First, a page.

Grupo Vidanta Foundation scholarly works that support economic growth and the strengthening democracy in Latin America. An excerpt from “Falling Behind: Explaining the Development Gap between the United States and Latin America,” published by the Foundation in 2008, offers future generations lessons from the past:
“Prior to the arrival of Europeans in 1492, many parts of Latin America were richer than North America. Colonization, it is widely agreed, had a devastating impact on the welfare of the indigenous pre-Columbian populations in Mexico and the Andean region, as the Spanish set up an empire to extract gold, silver, and other commodities, much in the same way that the British and French colonization devastated the smaller number of indigenous peoples in North America. But initial conditions were not all that different in the two halves of the New World, in terms of either per capita income or economic structure. Both regions were predominantly agricultural economies and commodity exporters to the more-developed parts of the world. This situation persisted more or less through the end of the eighteenth century and the emergence of an independent United States of America.”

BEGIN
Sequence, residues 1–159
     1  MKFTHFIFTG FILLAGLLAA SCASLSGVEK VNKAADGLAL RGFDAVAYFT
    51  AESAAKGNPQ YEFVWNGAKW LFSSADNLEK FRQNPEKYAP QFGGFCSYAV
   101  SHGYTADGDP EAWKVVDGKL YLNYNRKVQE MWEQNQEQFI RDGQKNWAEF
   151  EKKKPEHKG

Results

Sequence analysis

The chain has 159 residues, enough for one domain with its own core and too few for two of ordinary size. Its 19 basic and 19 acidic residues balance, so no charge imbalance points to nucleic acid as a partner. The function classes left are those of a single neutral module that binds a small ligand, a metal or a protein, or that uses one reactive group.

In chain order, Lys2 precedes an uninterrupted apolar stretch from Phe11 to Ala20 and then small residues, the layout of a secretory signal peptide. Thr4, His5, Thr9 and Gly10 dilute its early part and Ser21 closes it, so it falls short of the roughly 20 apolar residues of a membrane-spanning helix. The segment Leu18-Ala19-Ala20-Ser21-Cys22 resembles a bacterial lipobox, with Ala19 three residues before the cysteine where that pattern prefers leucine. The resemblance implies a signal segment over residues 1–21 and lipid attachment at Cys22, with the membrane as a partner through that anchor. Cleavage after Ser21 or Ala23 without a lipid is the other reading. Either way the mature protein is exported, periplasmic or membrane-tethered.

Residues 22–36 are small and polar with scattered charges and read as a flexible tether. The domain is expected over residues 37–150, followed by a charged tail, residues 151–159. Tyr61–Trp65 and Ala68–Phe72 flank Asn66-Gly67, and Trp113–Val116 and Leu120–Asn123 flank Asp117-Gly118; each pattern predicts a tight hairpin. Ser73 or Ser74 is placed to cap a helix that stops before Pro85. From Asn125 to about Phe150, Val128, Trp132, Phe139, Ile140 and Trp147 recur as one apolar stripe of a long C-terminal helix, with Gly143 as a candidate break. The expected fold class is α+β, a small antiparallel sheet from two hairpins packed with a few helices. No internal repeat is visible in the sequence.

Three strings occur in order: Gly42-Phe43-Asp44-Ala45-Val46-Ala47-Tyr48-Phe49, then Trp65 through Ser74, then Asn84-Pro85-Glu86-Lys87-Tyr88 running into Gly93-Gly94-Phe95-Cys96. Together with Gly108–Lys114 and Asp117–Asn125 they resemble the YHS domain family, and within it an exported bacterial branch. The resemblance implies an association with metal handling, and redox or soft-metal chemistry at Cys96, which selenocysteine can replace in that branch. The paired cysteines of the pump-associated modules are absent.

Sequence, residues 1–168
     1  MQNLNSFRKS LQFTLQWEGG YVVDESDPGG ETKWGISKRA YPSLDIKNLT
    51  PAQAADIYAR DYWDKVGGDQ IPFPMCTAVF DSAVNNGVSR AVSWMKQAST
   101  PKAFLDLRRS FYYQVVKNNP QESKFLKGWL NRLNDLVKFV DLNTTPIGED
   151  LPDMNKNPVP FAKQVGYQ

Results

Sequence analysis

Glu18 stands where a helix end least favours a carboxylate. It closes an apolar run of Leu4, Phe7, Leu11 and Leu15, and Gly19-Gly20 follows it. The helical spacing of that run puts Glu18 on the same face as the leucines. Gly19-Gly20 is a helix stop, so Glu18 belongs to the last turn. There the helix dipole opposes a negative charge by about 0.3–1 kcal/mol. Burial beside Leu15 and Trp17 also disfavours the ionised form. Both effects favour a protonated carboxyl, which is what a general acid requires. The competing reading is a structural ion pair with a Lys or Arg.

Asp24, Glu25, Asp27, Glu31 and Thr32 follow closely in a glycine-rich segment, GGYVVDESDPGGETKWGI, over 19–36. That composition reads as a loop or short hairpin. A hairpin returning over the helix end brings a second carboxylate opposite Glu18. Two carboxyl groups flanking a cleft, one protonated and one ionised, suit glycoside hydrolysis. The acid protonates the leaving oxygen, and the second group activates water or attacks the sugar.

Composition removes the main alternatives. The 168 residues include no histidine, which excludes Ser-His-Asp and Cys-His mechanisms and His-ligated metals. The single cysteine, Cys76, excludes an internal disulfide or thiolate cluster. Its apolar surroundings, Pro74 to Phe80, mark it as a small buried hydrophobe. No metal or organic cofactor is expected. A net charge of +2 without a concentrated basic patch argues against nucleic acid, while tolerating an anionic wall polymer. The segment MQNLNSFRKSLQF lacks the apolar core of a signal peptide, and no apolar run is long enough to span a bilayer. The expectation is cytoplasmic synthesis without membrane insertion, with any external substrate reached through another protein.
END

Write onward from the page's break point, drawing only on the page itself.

The book explores the historical context, the politics of the underdevelopment, and the institutional factors creating the gap between Latin America of today and its northern neighbor.
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